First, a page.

She expressed her feelings and her reasons to you, and she sounds like a totally rational person.
I hope you're out with her today, helping her find something else to wear for the funeral.

My condolences on your loss.


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The_Face_of_Boo
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25 Mar 2023, 10:38 am

Take turns in making dinner.


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DanielW
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25 Mar 2023, 10:44 am

Nope not a meltdown....not even close. The response is understandable given the circumstances. Finding an appropriate outfit for a funeral can be stressful. To find out at the last minute that the planned outfit doesn't fit is stressful. Screwing up dinner is stressful. Saying you'd rather eat a sandwich than something someone prepares is not helpful. (if someones usual job is to do the cooking, and they feel like the just failed - making yourself a sandwich instead will only make them feel worse - not better.)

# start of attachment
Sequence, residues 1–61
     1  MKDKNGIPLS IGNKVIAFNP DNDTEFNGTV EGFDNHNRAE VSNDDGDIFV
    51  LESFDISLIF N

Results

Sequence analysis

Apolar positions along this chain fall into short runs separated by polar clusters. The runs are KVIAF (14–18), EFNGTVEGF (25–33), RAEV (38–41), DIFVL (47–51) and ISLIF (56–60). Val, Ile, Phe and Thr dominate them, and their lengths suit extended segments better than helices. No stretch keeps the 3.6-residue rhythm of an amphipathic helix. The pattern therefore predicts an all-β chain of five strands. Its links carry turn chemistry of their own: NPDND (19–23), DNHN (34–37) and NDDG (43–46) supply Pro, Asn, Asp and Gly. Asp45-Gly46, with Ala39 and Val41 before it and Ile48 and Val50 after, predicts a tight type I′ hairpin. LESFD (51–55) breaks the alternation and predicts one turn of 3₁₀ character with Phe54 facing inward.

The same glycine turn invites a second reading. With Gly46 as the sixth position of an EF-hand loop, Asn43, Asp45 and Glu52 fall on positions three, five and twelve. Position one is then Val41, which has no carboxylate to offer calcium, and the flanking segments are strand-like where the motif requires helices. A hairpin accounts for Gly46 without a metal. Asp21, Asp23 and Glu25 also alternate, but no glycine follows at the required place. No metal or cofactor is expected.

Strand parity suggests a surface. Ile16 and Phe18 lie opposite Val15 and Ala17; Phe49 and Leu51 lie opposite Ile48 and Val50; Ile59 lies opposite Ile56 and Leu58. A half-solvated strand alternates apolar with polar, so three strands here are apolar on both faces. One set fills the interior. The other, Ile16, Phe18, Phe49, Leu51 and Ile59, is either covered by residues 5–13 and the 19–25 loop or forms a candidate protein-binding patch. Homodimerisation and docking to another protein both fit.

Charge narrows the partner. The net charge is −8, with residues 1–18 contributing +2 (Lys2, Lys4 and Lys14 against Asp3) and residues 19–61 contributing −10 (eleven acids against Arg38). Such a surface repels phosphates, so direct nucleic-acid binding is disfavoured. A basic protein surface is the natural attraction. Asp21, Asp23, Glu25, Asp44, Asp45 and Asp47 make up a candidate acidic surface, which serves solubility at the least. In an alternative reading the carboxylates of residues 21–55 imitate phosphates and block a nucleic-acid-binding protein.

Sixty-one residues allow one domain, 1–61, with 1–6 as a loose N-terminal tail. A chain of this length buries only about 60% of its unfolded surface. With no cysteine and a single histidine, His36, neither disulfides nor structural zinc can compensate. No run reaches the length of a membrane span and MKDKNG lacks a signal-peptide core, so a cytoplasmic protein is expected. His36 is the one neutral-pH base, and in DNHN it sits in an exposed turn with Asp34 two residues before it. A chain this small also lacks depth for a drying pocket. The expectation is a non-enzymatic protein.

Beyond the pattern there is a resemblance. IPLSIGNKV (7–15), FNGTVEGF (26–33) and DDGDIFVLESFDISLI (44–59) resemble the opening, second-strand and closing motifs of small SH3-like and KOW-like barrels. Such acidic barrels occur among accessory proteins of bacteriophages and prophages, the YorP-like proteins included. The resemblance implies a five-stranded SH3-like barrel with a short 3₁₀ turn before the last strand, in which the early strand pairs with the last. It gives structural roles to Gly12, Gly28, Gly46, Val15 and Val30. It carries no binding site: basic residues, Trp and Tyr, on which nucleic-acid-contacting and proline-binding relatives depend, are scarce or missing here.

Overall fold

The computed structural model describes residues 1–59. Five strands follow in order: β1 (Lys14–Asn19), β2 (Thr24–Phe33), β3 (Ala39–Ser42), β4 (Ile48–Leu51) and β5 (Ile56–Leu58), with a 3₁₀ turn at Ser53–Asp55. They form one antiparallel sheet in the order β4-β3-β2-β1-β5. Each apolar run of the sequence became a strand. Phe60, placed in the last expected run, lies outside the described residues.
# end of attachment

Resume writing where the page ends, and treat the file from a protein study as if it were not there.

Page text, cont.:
None of the behaviors you listed are "autistic". Most people having that kind of day would respond in the same way.



FleaOfTheChill
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25 Mar 2023, 12:07 pm

johnnyflowers wrote:

After a while, her distress began to upset to me and then I began to feel bad. I think for me it was because she just went into her own world and didn't really communicate it to me along the line. And she just goes into this own world and doesn't really reach out to me and include me for help. She just complains and cries like its the end of the world.


She did communicate with you. She told you what was wrong and you totally downplayed and dismissed it.